Important to note: the central slice (empty middle square here) represents the areas in which your content will appear.

Setting guides in your graphics editor in order to define the values for the border-image-slice property — in this case 33%.

Example code:

div {
border-width: 0 0 20px 0; /* border-bottom only */
border-image-source: url('path-to-your-png');
border-image-slice: 33%; /* no unit for px, you can use % */
border-image-repeat: round; /* the middle slices will be repeated cleanly up to the edges */
/* Shorthand version */
div {
border-width: 0 0 20px 0;
border-image: url('path-to-your-png') 33% round;

This image illustrates how it actually renders (note the central slice is replaced with your content):

How the border-image-slice property works

I found the border-image spec pretty beefy so I will point you to the always clearer CSS Tricks article for a deeper dive into the required properties and values.

The problem
In order to maintain image quality, the border-width here is determined by the actual size of my dots in the PNG, which brings me to my final point…

PNG is too limiting. SVG to the rescue!

Coming back to my design, I needed a few different dot sizes for various borders (larger for titles, perhaps smaller ones for alert boxes and so on). This would mean creating and maintaining multiple png files. No way!

So I decided to follow the exact same process as fix #2, but saving out my image as an svg rather than a png. By using a vector-based graphic, I could set my dots ( defined by border-width) to any size I wanted!

Using a single SVG, means many different border-widths with no loss of quality!

In the above example I have used 12px border-width for the title, and 7px for the box.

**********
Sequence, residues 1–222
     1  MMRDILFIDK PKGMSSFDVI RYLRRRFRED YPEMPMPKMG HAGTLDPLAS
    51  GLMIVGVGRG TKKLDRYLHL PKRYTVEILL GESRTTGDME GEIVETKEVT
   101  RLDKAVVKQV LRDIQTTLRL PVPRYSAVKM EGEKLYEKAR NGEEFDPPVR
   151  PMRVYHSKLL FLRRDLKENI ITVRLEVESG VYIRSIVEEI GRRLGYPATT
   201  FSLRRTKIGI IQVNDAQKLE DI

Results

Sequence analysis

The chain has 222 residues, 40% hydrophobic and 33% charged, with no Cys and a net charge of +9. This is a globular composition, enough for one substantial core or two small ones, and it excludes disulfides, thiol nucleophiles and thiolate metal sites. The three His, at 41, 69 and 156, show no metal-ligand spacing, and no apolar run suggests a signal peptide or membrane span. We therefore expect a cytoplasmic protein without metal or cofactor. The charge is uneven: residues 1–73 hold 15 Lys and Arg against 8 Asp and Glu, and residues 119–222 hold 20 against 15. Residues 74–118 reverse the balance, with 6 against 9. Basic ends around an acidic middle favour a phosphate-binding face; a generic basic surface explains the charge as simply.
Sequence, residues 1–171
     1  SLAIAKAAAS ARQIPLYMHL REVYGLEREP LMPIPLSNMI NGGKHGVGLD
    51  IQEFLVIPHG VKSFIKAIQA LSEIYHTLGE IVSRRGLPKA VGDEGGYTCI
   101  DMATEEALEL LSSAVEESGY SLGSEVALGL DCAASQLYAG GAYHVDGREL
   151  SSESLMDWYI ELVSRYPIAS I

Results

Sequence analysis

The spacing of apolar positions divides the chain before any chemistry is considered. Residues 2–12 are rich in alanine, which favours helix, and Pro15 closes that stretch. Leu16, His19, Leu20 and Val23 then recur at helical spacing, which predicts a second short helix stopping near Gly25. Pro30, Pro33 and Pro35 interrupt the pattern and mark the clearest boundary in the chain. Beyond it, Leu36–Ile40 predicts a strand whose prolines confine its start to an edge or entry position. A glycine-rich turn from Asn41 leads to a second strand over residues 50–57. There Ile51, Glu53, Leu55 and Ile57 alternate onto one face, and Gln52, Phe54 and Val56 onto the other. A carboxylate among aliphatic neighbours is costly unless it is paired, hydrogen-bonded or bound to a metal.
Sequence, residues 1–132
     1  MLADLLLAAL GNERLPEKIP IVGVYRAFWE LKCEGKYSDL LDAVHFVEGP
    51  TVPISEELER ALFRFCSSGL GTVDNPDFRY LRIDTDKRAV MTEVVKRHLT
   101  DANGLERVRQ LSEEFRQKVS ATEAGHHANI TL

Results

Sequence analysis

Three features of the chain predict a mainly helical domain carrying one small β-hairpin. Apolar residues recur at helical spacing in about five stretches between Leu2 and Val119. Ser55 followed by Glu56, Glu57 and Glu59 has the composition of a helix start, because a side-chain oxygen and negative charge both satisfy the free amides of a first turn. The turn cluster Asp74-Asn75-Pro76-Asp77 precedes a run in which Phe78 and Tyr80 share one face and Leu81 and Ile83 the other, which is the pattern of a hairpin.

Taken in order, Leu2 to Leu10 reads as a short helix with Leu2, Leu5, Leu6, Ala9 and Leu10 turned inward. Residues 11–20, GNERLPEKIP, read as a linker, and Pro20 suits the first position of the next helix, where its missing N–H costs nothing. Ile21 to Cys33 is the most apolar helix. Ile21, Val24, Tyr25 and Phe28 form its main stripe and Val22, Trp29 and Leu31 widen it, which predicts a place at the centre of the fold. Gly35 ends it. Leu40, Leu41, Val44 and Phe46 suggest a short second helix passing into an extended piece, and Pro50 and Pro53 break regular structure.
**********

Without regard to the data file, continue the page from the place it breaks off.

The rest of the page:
Final Thoughts

SVG’s are still images!
Sadly there is one aspect which prevents this from being as flexible as I would like. This is still an image-based solution and as far as I can tell there is now way to edit an svg which is being called via CSS (i.e. not embedded). If for some reason you wanted to change the colour of your dotted-borders you would still need to edit the SVG file and export it again. If you know of a cool work-around, please comment here!

No support for border-image for IE 10 and below
As of this writing, the border-image property is well supported in all browsers while IE 10 and below remains the problem child. In this case you can declare the regular border-style: dotted as a fallback. It will be ugly, but the layout won’t break.

Safari SVG scaling weirdness
I noticed that Safari will not easily scale the SVG’s. I have read a few different things about scaling for embedded SVG’s but could not find anything with regards to border-images. Any ideas?


I got a few messages that the borders from the codepen were no longer displaying in Chrome and Safari. I did a little digging and apparently these browsers need explicit `border-style` and `border-color` properties. Code has been updated with the fix.